Taking advantage of the current currency window of opportunity, 45% of all commercial investment in regional cities in 2016 came from overseas buyers.
- More international property investors are focusing on key regional UK cities
- 45% of all regional commercial investment in 2016 was made by overseas investors, totalling £1.1bn
- A weak pound has created an opportunity to acquire British real estate with greater affordability, while strong regional yields are starting to reduce the international focus on London
The global investor community is making the most of the current sterling volatility – and more are looking towards real estate in UK regional cities.
A new report from Knight Frank has found that a notable spike in interest in cities outside of London from international investors drove the strength of the UK’s regional commercial property sector in 2016.
It found that £1.1 billion was invested in the sector by overseas buyers in 2016, accounting for 45% of all investment collectively. This represents year-on-year growth of 10% for the sector, which covers offices and commercial buildings in Knight Frank’s 10 key regional cities.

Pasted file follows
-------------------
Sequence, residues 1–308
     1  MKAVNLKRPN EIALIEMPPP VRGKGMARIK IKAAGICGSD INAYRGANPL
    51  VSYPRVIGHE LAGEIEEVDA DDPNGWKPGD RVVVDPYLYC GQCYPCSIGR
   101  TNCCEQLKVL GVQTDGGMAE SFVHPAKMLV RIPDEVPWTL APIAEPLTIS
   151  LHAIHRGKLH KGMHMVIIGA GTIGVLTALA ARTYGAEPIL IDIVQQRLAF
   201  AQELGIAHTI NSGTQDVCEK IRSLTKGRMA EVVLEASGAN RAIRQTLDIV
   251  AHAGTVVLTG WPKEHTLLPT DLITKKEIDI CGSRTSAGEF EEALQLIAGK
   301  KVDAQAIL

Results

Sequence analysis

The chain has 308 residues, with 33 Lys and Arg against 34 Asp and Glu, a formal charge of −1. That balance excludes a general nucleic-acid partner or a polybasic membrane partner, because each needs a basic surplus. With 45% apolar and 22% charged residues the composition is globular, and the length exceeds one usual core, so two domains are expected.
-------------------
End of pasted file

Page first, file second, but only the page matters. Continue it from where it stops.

“Regional UK offices remain an attractive property investment offer for overseas investors attracted by the weak pound, the sophisticated property market and relative political stability,” said Alastair Graham-Campbell, Head of Regions at Knight Frank.
“Not only are yields in excess of those in London and the South East but investors are benefitting from a substantial return on their equity from seeking prudent bank lending at competitive rates.”
Edinburgh, Bristol and Sheffield all recorded higher levels of office investment in 2016, while it was reported in January that there has been a 50% rise in inquiries for residential real estate from Chinese investors in Manchester.
Despite a fall in investment volumes from domestic buyers last year, international buyer numbers have risen, as last year’s European Union referendum caused the pound to fall to a 31-year low, allowing those dealing in dollars and greenback-pegged currencies to enter the market with greater affordability.